Access to Pension Credit

Part of the debate – in Westminster Hall at 5:12 pm on 24th July 2019.

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Photo of Guy Opperman Guy Opperman The Parliamentary Under-Secretary of State for Work and Pensions 5:12 pm, 24th July 2019

No; I was quoting what the BBC said about the fiscal settlement, which made it clear that it was a strong deal that gave the BBC financial stability, and that the decision to put the cost on the BBC had been

“more than matched by the deal coming back for the BBC”,

which it then decided to take a differing approach to. Officials will continue to monitor the position.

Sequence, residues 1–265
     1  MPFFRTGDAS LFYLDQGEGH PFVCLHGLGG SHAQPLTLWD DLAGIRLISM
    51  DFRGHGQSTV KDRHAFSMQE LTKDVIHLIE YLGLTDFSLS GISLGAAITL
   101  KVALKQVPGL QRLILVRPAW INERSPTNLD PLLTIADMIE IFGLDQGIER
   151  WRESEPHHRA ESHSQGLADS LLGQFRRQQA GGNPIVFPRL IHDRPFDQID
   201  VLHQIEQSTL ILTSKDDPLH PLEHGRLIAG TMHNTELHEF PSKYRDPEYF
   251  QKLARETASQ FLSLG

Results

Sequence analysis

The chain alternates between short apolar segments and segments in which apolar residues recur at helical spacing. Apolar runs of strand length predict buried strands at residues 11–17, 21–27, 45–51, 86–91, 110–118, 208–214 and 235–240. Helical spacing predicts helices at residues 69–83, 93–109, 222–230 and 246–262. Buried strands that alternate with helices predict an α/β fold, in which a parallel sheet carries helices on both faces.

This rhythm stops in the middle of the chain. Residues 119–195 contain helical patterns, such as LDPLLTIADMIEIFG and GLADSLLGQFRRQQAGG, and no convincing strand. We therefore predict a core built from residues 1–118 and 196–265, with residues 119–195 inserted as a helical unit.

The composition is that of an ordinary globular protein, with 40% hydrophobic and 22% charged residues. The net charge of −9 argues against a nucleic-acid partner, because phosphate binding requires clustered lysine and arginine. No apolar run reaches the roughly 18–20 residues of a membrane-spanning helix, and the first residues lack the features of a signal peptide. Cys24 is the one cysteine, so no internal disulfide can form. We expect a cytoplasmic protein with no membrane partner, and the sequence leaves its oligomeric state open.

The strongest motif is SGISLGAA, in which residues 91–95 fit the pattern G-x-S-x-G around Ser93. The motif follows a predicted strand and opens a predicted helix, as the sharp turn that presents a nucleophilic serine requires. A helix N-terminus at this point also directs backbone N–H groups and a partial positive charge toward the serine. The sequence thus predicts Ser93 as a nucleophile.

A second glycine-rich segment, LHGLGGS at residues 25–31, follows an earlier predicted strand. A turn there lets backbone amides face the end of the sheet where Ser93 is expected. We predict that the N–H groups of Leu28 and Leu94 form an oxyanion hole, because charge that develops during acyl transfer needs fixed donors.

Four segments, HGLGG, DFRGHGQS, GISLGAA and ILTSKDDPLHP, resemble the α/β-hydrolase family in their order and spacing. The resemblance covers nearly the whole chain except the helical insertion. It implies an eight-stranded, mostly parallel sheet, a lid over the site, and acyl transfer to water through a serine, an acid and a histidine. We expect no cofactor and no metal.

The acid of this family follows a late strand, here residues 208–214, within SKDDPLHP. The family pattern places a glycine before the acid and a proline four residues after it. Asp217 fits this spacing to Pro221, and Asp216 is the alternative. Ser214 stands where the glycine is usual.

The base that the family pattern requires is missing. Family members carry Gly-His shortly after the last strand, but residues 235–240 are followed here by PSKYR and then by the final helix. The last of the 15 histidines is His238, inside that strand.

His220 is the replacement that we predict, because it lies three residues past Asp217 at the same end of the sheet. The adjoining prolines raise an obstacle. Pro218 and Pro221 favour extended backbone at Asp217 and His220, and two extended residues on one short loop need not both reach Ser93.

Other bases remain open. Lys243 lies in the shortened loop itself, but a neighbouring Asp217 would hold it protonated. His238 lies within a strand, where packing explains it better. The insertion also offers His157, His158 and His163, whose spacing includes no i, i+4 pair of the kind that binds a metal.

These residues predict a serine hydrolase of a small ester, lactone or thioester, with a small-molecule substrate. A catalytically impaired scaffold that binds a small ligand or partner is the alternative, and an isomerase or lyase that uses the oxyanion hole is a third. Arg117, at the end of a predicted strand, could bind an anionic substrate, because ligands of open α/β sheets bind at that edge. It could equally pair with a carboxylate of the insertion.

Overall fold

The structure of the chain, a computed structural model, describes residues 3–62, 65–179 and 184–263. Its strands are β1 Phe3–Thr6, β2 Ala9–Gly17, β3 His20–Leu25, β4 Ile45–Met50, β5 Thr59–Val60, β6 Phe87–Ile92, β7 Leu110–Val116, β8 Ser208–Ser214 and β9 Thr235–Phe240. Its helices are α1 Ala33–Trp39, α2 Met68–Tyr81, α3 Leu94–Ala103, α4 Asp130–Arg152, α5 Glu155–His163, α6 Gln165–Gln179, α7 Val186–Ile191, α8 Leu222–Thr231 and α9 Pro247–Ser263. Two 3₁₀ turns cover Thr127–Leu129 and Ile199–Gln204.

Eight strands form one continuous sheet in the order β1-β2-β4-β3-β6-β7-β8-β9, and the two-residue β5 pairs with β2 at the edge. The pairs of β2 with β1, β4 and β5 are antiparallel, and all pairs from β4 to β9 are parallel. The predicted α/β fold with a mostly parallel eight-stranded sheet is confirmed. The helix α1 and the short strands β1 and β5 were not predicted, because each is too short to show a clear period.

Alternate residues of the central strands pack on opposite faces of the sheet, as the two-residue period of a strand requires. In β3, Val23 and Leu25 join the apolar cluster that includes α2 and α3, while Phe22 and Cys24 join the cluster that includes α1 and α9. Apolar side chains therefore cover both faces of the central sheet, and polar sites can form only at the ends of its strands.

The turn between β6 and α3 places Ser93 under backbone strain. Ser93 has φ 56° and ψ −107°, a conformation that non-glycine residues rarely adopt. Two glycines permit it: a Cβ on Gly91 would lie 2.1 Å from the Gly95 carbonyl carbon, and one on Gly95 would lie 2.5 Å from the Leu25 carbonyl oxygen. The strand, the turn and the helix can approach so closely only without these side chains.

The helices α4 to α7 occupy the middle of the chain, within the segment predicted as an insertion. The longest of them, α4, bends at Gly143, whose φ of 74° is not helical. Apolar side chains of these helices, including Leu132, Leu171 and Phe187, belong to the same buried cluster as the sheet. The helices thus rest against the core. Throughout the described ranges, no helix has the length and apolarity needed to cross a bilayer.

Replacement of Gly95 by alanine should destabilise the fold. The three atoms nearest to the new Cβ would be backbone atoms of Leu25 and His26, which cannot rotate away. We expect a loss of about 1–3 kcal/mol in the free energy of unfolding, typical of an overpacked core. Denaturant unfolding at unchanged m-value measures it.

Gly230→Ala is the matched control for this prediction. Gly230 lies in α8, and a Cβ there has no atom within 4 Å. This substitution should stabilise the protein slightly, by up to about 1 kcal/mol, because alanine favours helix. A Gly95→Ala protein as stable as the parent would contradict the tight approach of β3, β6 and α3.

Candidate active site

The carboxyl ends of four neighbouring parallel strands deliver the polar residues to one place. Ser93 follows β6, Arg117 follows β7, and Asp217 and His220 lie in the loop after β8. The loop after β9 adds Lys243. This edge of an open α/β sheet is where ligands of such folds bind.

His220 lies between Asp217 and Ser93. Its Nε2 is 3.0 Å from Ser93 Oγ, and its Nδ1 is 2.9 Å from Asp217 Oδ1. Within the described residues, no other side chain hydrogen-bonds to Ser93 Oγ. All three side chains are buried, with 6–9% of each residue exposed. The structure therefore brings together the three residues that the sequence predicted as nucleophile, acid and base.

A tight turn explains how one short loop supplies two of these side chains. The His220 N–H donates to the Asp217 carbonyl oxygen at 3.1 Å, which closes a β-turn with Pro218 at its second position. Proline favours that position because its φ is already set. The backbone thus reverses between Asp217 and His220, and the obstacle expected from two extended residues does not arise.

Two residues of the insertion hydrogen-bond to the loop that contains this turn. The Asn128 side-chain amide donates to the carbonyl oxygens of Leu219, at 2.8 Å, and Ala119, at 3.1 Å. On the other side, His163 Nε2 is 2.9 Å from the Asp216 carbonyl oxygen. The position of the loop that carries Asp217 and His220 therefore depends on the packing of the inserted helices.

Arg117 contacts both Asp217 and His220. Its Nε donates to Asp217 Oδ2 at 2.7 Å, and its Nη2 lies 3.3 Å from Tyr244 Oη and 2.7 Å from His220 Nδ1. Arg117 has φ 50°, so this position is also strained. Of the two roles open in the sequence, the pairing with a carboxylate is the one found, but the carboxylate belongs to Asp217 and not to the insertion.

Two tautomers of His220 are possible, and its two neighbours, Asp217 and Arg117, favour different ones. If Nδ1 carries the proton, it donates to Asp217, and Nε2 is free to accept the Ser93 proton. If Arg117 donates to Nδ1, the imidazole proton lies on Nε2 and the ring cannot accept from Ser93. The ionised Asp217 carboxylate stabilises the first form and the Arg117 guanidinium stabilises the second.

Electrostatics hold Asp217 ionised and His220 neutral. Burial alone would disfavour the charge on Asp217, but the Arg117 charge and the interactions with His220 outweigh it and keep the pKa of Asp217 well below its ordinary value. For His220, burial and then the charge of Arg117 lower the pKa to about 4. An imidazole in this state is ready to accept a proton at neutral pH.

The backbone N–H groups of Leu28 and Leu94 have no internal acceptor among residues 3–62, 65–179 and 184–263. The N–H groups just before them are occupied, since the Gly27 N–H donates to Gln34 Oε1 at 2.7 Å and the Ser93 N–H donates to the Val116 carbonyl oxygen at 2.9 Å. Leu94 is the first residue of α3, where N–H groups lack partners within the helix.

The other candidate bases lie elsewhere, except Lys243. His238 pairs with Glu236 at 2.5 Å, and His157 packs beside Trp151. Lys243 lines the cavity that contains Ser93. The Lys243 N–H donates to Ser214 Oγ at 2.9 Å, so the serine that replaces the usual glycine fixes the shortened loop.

I want to talk briefly about historical activity. Successive Governments have tried to promote pension credit, yet the take-up has remained stubbornly at around 60% for some considerable time. When pension credit was launched in 2003 there were higher figures, of up to 74%, but the Office for Budget Responsibility’s fiscal risk report from May 2008 stated that

“experience from 2003 to 2008, suggests that very large increases in take-up are unlikely”.

The Department for Work and Pensions under the Labour Government commissioned and examined that report. Successive Governments have put forward a variety of innovative approaches, but research in 2010 indicated that the most common reason given by those identified as eligible, for not claiming pension credit was that they believed they would not be entitled, typically because they had savings or other sources of income.